September 5, 2012 — In 2010, the FDA published a Safety Communication after they received more than 900 adverse event reports of patients who were injured by IVC filter side effects.
IVC filters are implanted in people at risk of a pulmonary embolism who cannot take blood-thinning medications. Unfortunately, the filter itself poses serious risks, especially temporary filters that are not removed when they are no longer needed.
As of August 2010, the FDA has received a total of 921 adverse event reports, including the following:
- 328 reports of device migration
- 146 reports of device embolization (detachment of device components)
- 70 reports of perforation of the inferior vena cava (the blood vessel where the filter is implanted)
- 56 reports of filter fracture
Many of these events occurred in patients who were implanted with a removable IVC filter, but doctors never actually removed the filter after the patient no longer needed protection from a pulmonary embolism.
According to the FDA,
“The FDA is concerned that these retrievable IVC filters, intended for short-term placement, are not always removed once a patient’s risk for PE subsides. Known long term risks associated with IVC filters include but are not limited to lower limb deep vein thrombosis (DVT), filter fracture, filter migration, filter embolization and IVC perforation.”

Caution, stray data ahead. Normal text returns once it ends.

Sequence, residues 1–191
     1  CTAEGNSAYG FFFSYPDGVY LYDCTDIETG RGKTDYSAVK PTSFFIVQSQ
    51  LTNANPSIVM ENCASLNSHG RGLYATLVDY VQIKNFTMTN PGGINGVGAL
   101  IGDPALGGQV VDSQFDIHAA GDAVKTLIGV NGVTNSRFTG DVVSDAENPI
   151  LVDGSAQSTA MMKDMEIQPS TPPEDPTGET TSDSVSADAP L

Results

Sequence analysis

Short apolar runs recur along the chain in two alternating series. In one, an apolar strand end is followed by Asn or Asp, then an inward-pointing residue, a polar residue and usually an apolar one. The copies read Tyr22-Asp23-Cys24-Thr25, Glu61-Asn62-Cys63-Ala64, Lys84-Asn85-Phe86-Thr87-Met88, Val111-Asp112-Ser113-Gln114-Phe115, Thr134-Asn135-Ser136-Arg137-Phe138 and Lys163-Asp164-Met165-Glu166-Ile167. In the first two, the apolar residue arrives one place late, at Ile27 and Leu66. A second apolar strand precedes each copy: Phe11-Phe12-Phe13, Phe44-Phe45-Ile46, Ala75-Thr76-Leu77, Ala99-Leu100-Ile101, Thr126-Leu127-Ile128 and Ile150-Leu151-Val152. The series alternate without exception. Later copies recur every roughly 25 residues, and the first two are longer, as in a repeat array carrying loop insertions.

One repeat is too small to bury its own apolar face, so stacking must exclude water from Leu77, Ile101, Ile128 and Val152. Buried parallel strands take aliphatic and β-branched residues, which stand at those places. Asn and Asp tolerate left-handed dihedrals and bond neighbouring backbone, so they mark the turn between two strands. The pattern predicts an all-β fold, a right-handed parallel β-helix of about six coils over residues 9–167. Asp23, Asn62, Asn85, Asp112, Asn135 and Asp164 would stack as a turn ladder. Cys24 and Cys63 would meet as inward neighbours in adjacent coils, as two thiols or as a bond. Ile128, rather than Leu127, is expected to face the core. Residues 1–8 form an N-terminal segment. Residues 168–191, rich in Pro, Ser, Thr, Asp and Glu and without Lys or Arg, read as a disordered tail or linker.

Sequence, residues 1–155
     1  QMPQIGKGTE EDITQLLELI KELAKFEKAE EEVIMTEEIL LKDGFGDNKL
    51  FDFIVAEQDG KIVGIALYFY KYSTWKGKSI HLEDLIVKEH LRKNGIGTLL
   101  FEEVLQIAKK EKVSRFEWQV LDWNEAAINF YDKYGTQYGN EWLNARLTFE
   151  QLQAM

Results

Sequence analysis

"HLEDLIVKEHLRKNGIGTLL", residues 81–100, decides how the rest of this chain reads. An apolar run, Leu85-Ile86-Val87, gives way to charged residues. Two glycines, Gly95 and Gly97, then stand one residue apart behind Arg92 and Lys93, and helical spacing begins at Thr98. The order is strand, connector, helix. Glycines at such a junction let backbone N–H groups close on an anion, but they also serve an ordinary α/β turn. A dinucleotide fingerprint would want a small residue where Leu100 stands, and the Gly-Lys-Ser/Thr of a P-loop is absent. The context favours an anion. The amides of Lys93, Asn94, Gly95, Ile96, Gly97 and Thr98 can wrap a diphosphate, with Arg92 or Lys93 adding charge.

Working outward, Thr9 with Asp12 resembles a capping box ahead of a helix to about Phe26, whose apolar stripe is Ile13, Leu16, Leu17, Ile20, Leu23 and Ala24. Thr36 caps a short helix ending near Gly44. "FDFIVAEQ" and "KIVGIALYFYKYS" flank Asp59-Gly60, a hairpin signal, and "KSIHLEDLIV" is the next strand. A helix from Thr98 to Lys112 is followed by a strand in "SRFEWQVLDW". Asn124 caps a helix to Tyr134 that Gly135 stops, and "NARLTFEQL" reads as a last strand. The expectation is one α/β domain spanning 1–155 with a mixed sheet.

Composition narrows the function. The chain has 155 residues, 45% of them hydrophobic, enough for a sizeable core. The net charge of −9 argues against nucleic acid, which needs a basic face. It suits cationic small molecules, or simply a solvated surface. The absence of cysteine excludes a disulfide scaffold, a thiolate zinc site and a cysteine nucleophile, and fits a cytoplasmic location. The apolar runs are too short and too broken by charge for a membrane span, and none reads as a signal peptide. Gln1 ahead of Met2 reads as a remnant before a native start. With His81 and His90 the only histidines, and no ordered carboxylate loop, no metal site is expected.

The FDA specifically advised doctors to carefully weigh the risk-benefit profile of the IVC filter before implanting it. Furthermore, patients with removable IVC filters should have the device removed as soon as feasible and clinically indicated.
C.R. Bard, the medical device company that manufactures the Bard Recovery IVC filter, re-designed the device and called it the G2 IVC filter. The G2 was marketed as having “enhanced fracture resistance” and “migration resistance,” but a study published in the Archives of Internal Medicine in 2010 found that 12% of G2 filters fractured within 5 years.
When an IVC filter is left in place longer than necessary, there is a risk that the spider-like legs (or “struts”) of the device can fracture. If this occurs, pieces of the device can travel to the heart or lungs and can cause severe internal injury. A perforated heart muscle may leak fluid into the sac around the heart.
Do I have an IVC Filter Lawsuit?
The Schmidt Firm, PLLC is evaluating IVC filter cases in all 50 states, regardless of whether you were injured or not. If you or someone you know received an IVC filter implant, please contact our lawyers immediately for a free case consultation. You may be entitled to compensation by filing a lawsuit.
Please use the form below to contact our Defective Medical Device Litigation Group or call toll free 24 hours a day at (866) 920-0753.
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